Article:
perspectives on research in these areas.

Matus Telgarsky: Feature learning and margin maximization via mirror descent

This chalk talk will motivate and describe the margin maximization problem in neural networks, and show how it can be solved via a simple refinement of the standard mirror descent analysis. In detail, the first part of the talk will explain how margin maximization is an approach to establishing feature learning; as an example, it can achieve sample complexities better than any kernel (e.g., the NTK). The talk will then show how standard gradient descent can be analyzed via an alternative implicit mirror descent, and leads to margin maximization. Time permitting, the talk will also show other consequences of this refined mirror descent, for instance into the study of arbitrarily large steps sizes with logistic regression.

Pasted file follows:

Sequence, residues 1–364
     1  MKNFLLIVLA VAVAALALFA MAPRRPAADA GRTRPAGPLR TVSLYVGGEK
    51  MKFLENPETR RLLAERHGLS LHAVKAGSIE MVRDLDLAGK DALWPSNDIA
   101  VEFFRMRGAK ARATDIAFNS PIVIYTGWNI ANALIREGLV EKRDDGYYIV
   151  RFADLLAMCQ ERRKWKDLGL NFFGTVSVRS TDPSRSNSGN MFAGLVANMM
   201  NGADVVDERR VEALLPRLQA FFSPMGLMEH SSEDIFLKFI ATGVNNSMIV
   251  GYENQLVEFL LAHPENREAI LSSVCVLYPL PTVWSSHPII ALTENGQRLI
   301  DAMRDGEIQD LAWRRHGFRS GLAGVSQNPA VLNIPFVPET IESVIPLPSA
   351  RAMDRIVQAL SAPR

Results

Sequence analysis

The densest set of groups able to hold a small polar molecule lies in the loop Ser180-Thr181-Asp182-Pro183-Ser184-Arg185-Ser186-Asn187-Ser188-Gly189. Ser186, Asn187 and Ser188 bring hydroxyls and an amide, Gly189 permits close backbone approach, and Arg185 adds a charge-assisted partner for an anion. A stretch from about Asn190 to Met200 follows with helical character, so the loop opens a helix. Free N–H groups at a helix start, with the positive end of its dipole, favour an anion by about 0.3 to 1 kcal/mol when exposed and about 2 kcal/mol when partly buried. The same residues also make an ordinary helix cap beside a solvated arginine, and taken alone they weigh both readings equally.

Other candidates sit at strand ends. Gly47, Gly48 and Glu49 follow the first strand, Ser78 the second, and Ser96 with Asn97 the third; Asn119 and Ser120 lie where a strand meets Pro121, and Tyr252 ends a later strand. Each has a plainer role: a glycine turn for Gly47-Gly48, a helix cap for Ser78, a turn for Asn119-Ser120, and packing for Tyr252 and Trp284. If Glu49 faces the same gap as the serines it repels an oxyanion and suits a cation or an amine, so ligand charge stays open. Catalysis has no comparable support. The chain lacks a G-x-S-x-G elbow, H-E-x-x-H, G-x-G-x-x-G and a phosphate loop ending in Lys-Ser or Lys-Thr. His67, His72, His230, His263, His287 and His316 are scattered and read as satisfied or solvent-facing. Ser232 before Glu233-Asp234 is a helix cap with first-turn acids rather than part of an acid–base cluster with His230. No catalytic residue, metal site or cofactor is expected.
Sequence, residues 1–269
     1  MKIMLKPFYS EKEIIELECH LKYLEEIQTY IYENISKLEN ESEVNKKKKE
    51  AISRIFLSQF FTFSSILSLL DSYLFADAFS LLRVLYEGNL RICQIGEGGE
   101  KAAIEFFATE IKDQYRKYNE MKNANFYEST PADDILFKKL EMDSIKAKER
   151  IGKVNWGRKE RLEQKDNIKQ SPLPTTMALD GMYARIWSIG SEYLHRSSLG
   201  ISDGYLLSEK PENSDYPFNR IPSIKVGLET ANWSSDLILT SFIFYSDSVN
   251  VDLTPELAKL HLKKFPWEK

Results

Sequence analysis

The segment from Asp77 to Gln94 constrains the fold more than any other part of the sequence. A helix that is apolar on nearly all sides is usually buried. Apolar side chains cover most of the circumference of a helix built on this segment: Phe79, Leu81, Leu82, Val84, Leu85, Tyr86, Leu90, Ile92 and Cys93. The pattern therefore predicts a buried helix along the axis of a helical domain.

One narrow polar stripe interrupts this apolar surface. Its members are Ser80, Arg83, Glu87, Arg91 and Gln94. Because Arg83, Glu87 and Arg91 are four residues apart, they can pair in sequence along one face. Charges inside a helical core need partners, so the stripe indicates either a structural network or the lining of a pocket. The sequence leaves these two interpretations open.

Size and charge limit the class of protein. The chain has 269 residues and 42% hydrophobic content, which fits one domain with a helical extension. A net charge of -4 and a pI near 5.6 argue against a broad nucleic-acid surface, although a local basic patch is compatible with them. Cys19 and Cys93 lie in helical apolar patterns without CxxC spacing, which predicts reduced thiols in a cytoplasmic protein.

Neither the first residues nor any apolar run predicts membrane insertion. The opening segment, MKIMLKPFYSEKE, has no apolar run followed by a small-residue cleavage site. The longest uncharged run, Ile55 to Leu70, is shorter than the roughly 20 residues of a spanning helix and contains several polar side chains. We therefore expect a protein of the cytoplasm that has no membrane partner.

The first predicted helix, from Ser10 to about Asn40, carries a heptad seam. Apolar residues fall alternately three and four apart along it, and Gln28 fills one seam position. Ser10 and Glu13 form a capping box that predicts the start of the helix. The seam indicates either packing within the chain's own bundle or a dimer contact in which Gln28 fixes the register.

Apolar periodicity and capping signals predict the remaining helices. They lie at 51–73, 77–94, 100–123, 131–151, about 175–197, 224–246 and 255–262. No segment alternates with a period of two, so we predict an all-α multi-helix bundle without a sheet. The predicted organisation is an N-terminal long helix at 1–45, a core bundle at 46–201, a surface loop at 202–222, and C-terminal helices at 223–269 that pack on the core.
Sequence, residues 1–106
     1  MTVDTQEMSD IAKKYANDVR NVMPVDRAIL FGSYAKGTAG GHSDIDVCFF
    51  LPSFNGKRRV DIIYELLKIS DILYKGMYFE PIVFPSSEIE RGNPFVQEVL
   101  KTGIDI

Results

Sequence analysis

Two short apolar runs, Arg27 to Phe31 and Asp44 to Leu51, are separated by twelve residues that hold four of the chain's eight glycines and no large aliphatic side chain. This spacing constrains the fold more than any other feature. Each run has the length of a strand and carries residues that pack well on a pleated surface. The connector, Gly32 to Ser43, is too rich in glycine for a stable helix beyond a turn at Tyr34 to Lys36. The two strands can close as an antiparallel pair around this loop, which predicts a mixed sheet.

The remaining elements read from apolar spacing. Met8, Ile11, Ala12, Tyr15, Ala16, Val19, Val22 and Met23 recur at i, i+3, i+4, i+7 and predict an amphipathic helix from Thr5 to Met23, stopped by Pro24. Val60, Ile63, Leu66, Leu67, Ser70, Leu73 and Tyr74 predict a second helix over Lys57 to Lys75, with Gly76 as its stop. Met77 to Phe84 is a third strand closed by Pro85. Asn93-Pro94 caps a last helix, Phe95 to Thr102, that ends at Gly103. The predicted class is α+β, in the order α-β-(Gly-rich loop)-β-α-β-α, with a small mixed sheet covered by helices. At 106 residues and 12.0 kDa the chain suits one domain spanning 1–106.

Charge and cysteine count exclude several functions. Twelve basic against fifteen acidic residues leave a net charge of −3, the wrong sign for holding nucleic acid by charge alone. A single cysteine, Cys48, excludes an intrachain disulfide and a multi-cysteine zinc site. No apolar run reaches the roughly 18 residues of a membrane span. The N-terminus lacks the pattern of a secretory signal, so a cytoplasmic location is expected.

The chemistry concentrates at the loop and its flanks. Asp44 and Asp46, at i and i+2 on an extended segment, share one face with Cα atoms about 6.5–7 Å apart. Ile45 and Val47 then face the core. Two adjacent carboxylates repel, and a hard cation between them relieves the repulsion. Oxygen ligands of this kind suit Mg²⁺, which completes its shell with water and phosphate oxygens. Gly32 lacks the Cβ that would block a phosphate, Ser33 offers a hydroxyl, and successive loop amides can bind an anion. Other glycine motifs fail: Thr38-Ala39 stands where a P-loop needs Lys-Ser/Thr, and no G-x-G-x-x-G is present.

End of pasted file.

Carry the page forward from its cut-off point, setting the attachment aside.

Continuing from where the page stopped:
The main content is joint work with Danny Son, and will appear on arXiv in May. The "time permitting" part is joint work with Jingfeng Wu, Peter Bartlett, and Bin Yu, and can be found at https://arxiv.org/abs/2402.15926 .

The main content is joint work with Danny Son, and will appear on arXiv in May. The "time permitting" part is joint work with Jingfeng Wu, Peter Bartlett, and Bin Yu, and can be found at https://arxiv.org/abs/2402.15926 .

Katya Scheinberg: Stochastic First Order Oracles and Where to Find The